Childhood Emotional and Physical Bullying in a Psychosis Sample

Marguerite Sears, BA

McLean Hospital
Childhood Emotional and Physical Bullying in a Psychosis Sample

Scientific Abstract

 

Background: Studies have suggested that increasing severity of bullying is associated with higher rates of both psychotic disorders and psychotic-like experiences. In this study, we examined differences in experiences of childhood bullying between patients with schizophrenia (SZ) or psychotic bipolar disorder (BP) versus healthy controls (HC) using a self-report survey.

Methods: We recruited 151 subjects (47 SZ, 53 BP, 51 HC) to complete Teicher and Parigger’s (2015) Maltreatment and Abuse Chronology of Exposure (MACE) questionnaire as part of an online REDCap survey study. The MACE is a 52-item scale that asks about 10 different types of abuse, including peer emotional and physical bullying, as well as the chronology of abuse. Men and women ages 18-89 who have already taken part in research in the McLean Hospital Schizophrenia and Bipolar Disorder Program were invited to participate. We used chi-square tests to test for any group differences in the proportion of individuals reporting each form of bullying. In addition, we performed linear mixed effect analyses to assess for group differences in the timing of exposure to each type of bullying.

Results: We found a significant difference between groups in the proportion of individuals who reported emotional bullying (X2=18.455, p<0.0001) and physical bullying (X2=10.387, p=0.006). More SZ (63.0%) and BP (73.6%) patients, compared to HC (32.7%), reported emotional bullying. For physical bullying, only SZ patients (52.2%) were significantly different than HC (20.4%). When examining the chronology of abuse, exposure to emotional bullying was greatest at ages 12-13, and there was a diagnosis x timing interaction for both SZ (p=0.020) and BP (p<0.0001) patients, adjusting for age, sex, and education. For physical bullying, the linear mixed effects model, again adjusting for age, sex, and education, showed a diagnosis x timing interaction only for SZ (p=0.007), with exposure to physical bullying in SZ peaking at age 13.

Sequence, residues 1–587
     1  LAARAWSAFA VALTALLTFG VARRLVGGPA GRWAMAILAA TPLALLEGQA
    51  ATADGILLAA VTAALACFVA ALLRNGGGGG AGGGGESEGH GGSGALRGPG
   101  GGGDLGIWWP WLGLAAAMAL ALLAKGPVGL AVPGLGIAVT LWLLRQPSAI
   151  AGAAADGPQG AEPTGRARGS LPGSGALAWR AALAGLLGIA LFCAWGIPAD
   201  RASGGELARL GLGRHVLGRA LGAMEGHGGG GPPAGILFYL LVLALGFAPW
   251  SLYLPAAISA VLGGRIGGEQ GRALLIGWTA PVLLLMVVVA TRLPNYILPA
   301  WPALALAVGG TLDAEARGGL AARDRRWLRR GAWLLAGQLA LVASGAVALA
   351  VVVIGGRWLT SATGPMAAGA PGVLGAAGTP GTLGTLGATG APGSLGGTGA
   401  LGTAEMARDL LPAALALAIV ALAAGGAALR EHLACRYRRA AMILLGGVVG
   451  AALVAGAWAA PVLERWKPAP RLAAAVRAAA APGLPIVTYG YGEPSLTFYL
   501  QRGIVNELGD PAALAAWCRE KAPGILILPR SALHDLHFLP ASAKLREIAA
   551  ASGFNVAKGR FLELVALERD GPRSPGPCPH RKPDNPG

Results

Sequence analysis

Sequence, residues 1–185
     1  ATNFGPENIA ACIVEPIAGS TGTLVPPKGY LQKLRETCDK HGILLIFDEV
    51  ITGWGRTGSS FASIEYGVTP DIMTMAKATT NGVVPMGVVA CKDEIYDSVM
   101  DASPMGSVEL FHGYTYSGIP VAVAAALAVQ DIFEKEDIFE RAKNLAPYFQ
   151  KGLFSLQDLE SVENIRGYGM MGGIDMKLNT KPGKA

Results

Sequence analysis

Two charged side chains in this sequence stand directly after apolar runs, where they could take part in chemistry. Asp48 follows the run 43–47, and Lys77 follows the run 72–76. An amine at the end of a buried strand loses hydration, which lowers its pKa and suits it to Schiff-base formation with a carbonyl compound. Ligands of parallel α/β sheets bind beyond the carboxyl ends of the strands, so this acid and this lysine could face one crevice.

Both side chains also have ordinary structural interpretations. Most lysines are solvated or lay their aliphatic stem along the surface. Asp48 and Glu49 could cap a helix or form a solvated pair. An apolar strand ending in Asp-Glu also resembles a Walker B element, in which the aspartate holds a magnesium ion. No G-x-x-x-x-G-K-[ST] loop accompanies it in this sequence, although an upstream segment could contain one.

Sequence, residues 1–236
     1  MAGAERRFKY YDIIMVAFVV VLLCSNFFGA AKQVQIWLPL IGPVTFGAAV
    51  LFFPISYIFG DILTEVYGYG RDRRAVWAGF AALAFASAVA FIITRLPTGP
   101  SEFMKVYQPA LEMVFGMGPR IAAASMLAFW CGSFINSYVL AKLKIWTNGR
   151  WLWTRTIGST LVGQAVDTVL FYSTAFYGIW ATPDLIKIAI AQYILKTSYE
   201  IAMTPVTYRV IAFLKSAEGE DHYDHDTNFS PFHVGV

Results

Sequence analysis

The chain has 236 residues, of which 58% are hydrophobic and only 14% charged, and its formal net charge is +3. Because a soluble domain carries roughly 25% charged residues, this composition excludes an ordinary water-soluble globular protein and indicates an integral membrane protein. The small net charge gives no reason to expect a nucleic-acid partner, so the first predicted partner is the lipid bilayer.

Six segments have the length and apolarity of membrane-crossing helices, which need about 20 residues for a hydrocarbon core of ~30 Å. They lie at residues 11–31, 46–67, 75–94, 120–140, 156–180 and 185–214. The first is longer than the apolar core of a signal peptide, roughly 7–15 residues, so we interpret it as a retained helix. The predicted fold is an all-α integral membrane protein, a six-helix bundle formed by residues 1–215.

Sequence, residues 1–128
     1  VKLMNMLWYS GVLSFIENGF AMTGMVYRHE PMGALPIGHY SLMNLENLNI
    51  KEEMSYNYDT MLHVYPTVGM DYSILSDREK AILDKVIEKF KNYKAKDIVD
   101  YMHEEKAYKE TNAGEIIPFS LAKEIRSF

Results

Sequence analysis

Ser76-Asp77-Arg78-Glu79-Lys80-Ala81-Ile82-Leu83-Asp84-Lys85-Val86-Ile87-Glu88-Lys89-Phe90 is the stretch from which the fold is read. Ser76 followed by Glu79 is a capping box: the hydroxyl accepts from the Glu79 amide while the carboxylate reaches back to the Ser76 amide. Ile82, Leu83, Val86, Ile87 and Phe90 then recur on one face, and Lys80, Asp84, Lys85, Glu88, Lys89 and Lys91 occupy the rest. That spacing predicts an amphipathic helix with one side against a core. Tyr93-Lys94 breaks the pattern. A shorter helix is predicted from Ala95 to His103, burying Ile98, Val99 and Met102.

Conclusions: Our findings suggest that childhood bullying is prevalent among individuals with SZ and BP. These results are consistent with effects reported by current literature on trauma and psychosis.

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research Areas

Authors

Marguerite Sears, BA, Lena Stone, BS, Mariesa Cay, BA, Dost Öngür, MD, PhD, Ann K. Shinn, MD, MPH

Principal Investigator

Ann K. Shinn, MD, MPH